This is how this inhumane, torturous treatment in segregation makes me feel, so depressed, angry, sad, enraged. I’ve lost focus and changed from how I used to be. I don’t see people for how they are now or how I used to see them. My thinking is very different than before. I can’t be around too many people now. I have lack of sleep, and I have trouble concentrating.
All of my communication with my family has been cut off now because either my mail doesn’t get to me or I’m too afraid to worry my family of what’s really going on with me. I’ve been going through this for the last two years here at Calipatria State Prison ASU and I am up for transfer to Pelican Bay State Prison again to be placed in the SHU for years due to this bogus validation.
How long do I have to be tortured for? Will I be rehabilitated? Where are the programs available to rehabilitate me instead of torture me? I don’t know.
Only the governor and the state Assembly have the power to change it. But until then, all I know is that I am being mistreated in this crooked, broken system called California Department of Corrections and “Rehabilitation.”
Can somebody hear me out there?
Send our brother some love and light: Gualberto Lopez, T-81282, ASU-160, P.O. Box 5008, Calipatria, CA 92233.
The Office of Correctional Safety Special Service Unit’s special agents John Zinna and Jim Moreno approved the evidence submitted by IGI E. Duarte on Gualberto Lopez. The evidence used to label Gualberto Lopez as a prison gang associate – the “worst of the worst” – was an Aztec cultural drawing, two tattoos and a family member’s address in a telephone book. Gualberto Lopez was validated in May 2011. Since then, he has appealed this false validation with CDCR through the court and has been denied all appeals. That means Gualberto Lopez is labeled a “Threat to Safety and Security of the Institution” and is currently on a waitlist to be sent to the SHU at Pelican Bay for the next decade or more due to these four “source items.”

The address in a telephone book of a member of Gualberto Lopez’ family who has no gang ties was used against him by IGI E. Duarte as a “source item” to validate him as a prison gang associate. When the Institutional Gang Investigators search an inmate’s cell, they take the inmate out of the cell and it is easy to plant evidence or write numbers in a telephone book, which is exactly what happened with Gualberto Lopez.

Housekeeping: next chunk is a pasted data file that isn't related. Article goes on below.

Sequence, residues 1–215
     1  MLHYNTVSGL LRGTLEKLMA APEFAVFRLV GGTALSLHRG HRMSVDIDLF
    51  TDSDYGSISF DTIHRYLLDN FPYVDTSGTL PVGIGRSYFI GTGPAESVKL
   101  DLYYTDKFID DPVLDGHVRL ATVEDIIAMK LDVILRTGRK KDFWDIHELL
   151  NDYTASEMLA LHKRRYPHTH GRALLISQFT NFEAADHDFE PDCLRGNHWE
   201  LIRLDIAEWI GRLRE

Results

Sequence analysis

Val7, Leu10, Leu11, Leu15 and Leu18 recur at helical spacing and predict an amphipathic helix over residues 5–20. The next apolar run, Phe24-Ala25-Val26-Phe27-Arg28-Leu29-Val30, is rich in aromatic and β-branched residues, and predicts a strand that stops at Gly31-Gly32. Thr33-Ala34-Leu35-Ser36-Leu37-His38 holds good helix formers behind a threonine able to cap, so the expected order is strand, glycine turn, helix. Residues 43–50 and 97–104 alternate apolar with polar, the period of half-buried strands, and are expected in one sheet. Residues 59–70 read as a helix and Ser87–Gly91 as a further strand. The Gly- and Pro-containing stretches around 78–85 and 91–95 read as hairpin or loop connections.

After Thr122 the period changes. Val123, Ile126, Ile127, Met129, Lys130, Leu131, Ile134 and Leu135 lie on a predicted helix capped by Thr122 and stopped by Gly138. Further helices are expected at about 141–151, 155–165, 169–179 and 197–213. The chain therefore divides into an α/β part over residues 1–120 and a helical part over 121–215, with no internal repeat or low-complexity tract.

Lawsuit challenges solitary confinement at California prison

From: SF Bay View:

June 2, 2012

Prolonged solitary confinement at Pelican Bay is cruel and unusual punishment, torture, lawyers say

Oakland – The Center for Constitutional Rights (CCR) filed a federal lawsuit Thursday on behalf of prisoners at Pelican Bay State Prison who have spent between 10 and 28 years in solitary confinement. The legal action is part of a larger movement to reform inhumane conditions in California prisons’ Security Housing Units (SHUs), a movement dramatized by a 2011 hunger strike by thousands of SHU prisoners; the named plaintiffs include hunger strikers, among them several of the principal negotiators for the hunger strike.

California Corrections Department spokesperson Jeffrey Callison justifies his assertion that “we do not have solitary confinement in California prisons” by saying that prisoners in the Pelican Bay SHU are allowed out of their cells briefly for exercise. But they are as isolated in the exercise “yard” – a small concrete enclosure often referred to as a dog run – as in their cells. – Photo: Rich Pedroncelli, AP

The class action suit, which is being jointly filed by CCR and several advocate and legal organizations in California, alleges that prolonged solitary confinement violates Eight Amendment prohibitions against cruel and unusual punishment and that the absence of meaningful review for SHU placement violates the prisoners’ right to due process.

“The prolonged conditions of brutal confinement and isolation such as those at Pelican Bay have rightly been condemned as torture by the international community,” said CCR President Jules Lobel. “These conditions strip prisoners of their basic humanity and cross the line between human treatment and barbarity.” Advocates hope that the suit will strike a blow against the increasingly routine use of solitary confinement in American prisons.
SHU prisoners spend 22½ to 24 hours every day in a cramped, concrete, windowless cell. They are denied telephone calls, contact visits, and vocational, recreational or educational programming. Food is often rotten and barely edible, and medical care is frequently withheld.
More than 500 Pelican Bay SHU prisoners have been isolated under these conditions for over 10 years, more than 200 of them for over 15 years and 78 have been isolated in the SHU for more than 20 years. Today’s suit claims that prolonged confinement under these conditions has caused “harmful and predictable psychological deterioration” among SHU prisoners. Solitary confinement for as little as 15 days is now widely recognized to cause lasting psychological damage to human beings and is analyzed under international law as torture.
Additionally, the suit alleges that SHU prisoners are denied any meaningful review of their SHU placement, rendering their isolation “effectively permanent.” SHU assignment is an administrative act, condemning prisoners to a prison within a prison; it is not part of a person’s court-ordered sentence for his or her crime.